John Gregory: One of the first patients to benefit.PATIENTS at Monash Medical Centre are the first in Australia to benefit from a new technique in which cardiologists use a camera to see directly inside the beating heart during surgery to correct a rhythm disorder.
The technique promises to improve outcomes for patients with atrial fibrillation – which occurs when the normal pattern of electrical conduction in the top chambers of the heart become chaotic, resulting in a rapid and irregular heartbeat.
To eliminate the disturbance, surgeons insert catheters from the top of the leg into the heart to deliver laser energy to destroy tissue in the mouth of the pulmonary veins where they drain into the left atrium.
Cardiologists have previously relied on imaging to pinpoint the exact location to direct the laser energy to create scars that stop the erratic electricity spreading, but the surgery is not always successful.
The new technique involves putting a ”laser balloon” containing a camera on the end of a catheter, allowing surgeons to see inside the heart for the first time and target specific areas.
MonashHeart director Ian Meredith said the technique was a significant advance that should improve the surgery’s success rate and reduce the risk of the condition recurring.
”This technique allows you to directly see where the veins drain into this chamber. You can go right up on the mouth of the vein and deploy the laser balloon there. It provides brilliant targeting,” he said.
”It is like being in an underwater chasm with murky water and trying to find your way into a cave. This gives you a headlamp that allows you to see where you are going.”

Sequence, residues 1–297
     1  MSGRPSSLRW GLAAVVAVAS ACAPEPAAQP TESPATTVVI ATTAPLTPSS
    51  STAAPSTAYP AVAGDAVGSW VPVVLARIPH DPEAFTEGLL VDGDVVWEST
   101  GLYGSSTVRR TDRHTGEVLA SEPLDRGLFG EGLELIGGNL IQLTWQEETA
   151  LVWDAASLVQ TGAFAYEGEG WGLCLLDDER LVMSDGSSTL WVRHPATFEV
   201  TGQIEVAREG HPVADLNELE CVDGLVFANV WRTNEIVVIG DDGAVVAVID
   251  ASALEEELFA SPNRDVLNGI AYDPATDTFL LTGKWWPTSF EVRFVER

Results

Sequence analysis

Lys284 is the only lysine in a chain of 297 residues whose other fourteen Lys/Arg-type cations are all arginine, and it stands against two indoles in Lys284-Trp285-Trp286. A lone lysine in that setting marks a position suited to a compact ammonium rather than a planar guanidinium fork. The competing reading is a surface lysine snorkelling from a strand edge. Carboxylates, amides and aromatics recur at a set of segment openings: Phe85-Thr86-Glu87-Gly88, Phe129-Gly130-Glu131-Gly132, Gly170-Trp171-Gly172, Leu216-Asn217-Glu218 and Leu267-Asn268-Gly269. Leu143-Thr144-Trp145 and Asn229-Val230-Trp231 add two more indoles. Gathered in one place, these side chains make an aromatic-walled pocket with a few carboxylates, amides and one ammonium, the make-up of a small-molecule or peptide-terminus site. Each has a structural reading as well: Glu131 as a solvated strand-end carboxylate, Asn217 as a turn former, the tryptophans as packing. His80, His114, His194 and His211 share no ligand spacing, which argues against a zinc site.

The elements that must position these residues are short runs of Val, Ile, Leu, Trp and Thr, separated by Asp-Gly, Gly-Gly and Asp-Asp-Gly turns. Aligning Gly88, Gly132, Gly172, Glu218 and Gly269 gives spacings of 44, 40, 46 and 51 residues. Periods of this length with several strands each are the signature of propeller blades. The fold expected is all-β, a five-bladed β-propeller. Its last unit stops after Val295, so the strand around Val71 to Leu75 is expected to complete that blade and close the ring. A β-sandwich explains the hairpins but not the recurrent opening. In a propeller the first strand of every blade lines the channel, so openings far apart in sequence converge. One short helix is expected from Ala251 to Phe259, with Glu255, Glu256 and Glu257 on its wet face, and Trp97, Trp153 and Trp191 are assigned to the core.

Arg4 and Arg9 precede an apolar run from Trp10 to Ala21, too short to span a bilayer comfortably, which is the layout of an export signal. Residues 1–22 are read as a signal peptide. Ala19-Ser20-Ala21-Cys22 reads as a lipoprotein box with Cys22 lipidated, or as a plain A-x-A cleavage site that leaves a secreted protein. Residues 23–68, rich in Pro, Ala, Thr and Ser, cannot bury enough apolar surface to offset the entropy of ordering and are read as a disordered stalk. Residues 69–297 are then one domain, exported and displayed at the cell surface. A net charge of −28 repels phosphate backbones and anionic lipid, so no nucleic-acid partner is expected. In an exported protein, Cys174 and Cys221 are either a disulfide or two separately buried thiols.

John Gregory, 58, was one of the first Australian patients to benefit from the new technique last week in surgery led by MonashHeart cardiologist Emily Kotschet.
Mr Gregory was diagnosed with atrial fibrillation after finding he was unable to complete his regular beachside run.
Drugs to control his heart rhythm made him feel ”a bit hungover, with no energy”, and every six weeks Mr Gregory’s heart would go back into an arrhythmic state requiring a trip to hospital to be ”zapped”.
A shock to the chest helped to temporarily reset his heart’s electrical system, but surgery presented the best chance of a permanent fix.
Mr Gregory said he hoped to be able to stop taking medication and improve his quality of life.
More than 240,000 Australians have been diagnosed with atrial fibrillation. They are up to seven times more likely to have a stroke and three times more likely to suffer heart failure than the general population.
The new technique will feature in an episode of Heart Starters, a series about MonashHeart, tonight at 7.30pm on Channel 31.
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